New Jerusalem & Jerusalem that Is Above

02 Jun
Jerusalem above

from Google Images

In a previous study I contrasted the New Jerusalem of Revelation 21 with the Great Whore of Revelation 17. In my studies of Revelation 17 I showed that the Great Whore was actually Jerusalem, which was destroyed by the Roman armies in 70 AD. If one speaks of the New Jerusalem it is hardly possible not to remember that there was, in fact, an old Jerusalem, hence my pointing to Revelation 17. With this in mind, Paul does the very same thing in his epistle to the Galatians! Notice:

Tell me, you who want to be subject to law, will you not listen to what the law says? For the Scripture says that Abraham had two sons, one by a slave girl, the other by a free woman. But the child of the slave girl was born in the ordinary course of nature, while the child of the free woman was born to fulfill the promise. This is spoken as an allegory. For these women are two covenants, one coming from Mount Sinai, bearing children that are to be slaves; that is, Hagar (and Hagar means Mount Sinai, in Arabia) and corresponds to the present Jerusalem, for Jerusalem is in slavery with her children. But the Jerusalem that is above is free, and she is our mother. (Galatians 4:21-26  Williams)

First of all, we need to understand that both “the present Jerusalem” (from Paul’s perspective) and the Jerusalem “that is above” represents two covenants! First there was the Old Covenant, then came the New Covenant. This point alone places the New Jerusalem of Revelation 21 in the first century AD. The New Jerusalem cannot be a future event, if the New Covenant is in force today. Secondly, these things: Abraham’s two sons, his wives Sarah and Hagar, and the present Jerusalem and the Jerusalem that is above, each pair represent an allegory of the two covenants: the old and the new. If this is logical and true, then by what method of logic must the New Jerusalem of Revelation 21 be a literal, physical city and not an allegory pointing to the New Covenant being established at the appearance of the new heaven and the new earth?

The question, then, arises: when would the new heaven and the new earth (the New Covenant) be established? Paul tells us in Galatians 4:30 that that event would occur at the time of the judgment, or at the coming of the Lord, when Hagar and her son (the Old Covenant) were cast out, because the bond woman and her son would not inherit with the son of the free woman (the New Covenant)!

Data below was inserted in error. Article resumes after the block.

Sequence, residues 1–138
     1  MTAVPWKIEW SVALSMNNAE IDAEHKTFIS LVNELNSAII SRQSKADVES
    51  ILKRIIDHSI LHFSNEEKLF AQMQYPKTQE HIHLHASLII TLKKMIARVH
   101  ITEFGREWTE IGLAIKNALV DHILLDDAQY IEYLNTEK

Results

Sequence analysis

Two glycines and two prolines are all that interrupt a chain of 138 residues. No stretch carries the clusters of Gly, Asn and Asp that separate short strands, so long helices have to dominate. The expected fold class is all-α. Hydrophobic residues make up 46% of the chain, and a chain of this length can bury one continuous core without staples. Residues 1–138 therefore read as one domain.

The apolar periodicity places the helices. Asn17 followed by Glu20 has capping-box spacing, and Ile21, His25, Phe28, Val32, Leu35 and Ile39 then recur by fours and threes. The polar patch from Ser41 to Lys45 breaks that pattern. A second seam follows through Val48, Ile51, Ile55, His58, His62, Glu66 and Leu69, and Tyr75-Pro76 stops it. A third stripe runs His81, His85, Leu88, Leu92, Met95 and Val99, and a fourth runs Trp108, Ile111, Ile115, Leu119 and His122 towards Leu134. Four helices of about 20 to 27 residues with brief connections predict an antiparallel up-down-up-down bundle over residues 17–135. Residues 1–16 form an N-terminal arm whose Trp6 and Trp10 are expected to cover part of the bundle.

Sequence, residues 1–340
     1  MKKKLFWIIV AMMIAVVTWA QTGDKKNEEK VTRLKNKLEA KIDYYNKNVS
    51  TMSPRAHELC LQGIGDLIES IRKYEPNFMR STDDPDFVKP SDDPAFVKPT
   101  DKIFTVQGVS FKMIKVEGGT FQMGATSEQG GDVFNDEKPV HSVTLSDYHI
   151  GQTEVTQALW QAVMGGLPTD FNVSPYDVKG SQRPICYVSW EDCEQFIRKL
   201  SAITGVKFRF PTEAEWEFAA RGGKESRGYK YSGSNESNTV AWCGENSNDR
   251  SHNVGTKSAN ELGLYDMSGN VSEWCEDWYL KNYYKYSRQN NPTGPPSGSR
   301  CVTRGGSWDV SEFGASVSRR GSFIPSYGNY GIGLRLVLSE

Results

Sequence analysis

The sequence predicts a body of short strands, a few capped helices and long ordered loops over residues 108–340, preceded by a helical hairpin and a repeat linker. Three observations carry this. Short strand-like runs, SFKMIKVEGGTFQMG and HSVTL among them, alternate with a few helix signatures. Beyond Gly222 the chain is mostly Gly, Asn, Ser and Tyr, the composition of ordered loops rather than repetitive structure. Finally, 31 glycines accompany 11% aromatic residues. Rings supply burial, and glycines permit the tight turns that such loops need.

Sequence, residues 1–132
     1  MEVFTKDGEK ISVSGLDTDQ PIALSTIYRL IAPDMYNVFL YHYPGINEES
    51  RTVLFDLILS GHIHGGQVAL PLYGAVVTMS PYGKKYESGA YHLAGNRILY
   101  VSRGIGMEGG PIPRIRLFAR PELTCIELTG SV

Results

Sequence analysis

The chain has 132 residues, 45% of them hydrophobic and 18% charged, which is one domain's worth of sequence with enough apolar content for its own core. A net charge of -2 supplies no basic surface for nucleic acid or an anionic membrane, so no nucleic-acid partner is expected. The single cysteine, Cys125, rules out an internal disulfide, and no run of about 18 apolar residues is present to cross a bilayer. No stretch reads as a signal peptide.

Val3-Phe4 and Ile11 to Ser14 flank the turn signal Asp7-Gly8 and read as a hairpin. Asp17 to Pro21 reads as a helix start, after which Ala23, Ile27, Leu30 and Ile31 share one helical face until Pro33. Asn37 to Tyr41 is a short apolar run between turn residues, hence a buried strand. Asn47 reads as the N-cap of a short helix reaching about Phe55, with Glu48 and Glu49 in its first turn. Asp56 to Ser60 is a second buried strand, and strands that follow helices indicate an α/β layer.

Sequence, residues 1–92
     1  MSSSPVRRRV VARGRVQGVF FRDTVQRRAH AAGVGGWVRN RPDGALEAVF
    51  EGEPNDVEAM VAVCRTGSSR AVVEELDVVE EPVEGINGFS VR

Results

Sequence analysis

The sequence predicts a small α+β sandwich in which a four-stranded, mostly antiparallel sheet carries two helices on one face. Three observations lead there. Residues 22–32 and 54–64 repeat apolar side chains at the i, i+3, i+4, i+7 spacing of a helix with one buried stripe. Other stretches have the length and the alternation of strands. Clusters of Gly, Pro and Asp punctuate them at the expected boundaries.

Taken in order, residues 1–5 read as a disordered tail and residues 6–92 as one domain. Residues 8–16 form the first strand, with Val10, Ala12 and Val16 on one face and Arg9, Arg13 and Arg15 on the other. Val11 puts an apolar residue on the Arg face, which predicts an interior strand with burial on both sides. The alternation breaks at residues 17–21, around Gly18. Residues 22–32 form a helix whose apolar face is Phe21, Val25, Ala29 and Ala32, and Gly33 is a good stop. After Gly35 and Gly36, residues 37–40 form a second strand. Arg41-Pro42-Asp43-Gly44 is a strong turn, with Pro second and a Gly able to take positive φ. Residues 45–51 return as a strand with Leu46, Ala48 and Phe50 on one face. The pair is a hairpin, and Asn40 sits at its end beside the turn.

Jesus, also, clearly spells this out in his parables, which he spoke during the week before his crucifixion. First of all, in the Parable of the Householder (Matthew 21:33-39, Jesus spoke of a man who planted a vineyard and leased it out to tenants. At the time of the harvest, the householder sent out his servants to receive his payment. The tenants mistreated them and killed some. When the householder sent his son the tenants cast him out of the vineyard and slew him. Jesus then asked his listeners what the householder would do to those tenants, and they admitted that he would destroy them all (Matthew 21:40-41). Jesus then said that the Kingdom of God would be taken from those who were listening and give it to others who would render the fruits of the vineyard to the owner (Matthew 21:43), and the chief priests and the Pharisees understood that Jesus had spoken of them (Matthew 21:45)!

Apparently the Jewish authorities objected to Jesus’ analysis, so he answered them with another parable: The Parable of the Wedding Feast (Matthew 22:1-14). In this parable a king made a marriage for his son. He sent out his servants to those he had invited, but they made excuses and wouldn’t come. The king sent out other servants, saying the wedding is ready: “Come!” However, those men mistreated and slew the servants of the king. The king became angry and sent out his armies and slew those murders and burnt their city (Matthew 22:1-7), and, because the wedding was ready, he invited new guests to come and enjoy what the king prepared (Matthew 22:8-9).

The point is this. The Old Covenant ended in 70 AD when Jesus’ armies destroyed Jerusalem, the city which persecuted and killed his servants (Matthew 22:7). The wedding was ready and took place (Matthew 22:10-14; Revelation 21:1-2). The timing of this event cannot be removed from the first century AD. This is when the Old Covenant ended, and in 70 AD the New Covenant was established, and the authority over the Vineyard passed from the wicked tenants to those producing the fruit thereof (cp. Matthew 21:43). So, Paul’s allegory (Galatians 4:21-26) clearly shows that the New Jerusalem of Revelation 21 is the very same as Paul’s “Jerusalem that is above” (Galatians 4:26), which Paul claims was the “mother” of believers in the first century AD! If, therefore, the New Jerusalem existed in the first century AD, how could it be yet future, as is concluded by so many modern Christian scholars?

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Posted by on June 2, 2020 in Apocalypse, Book of Revelation


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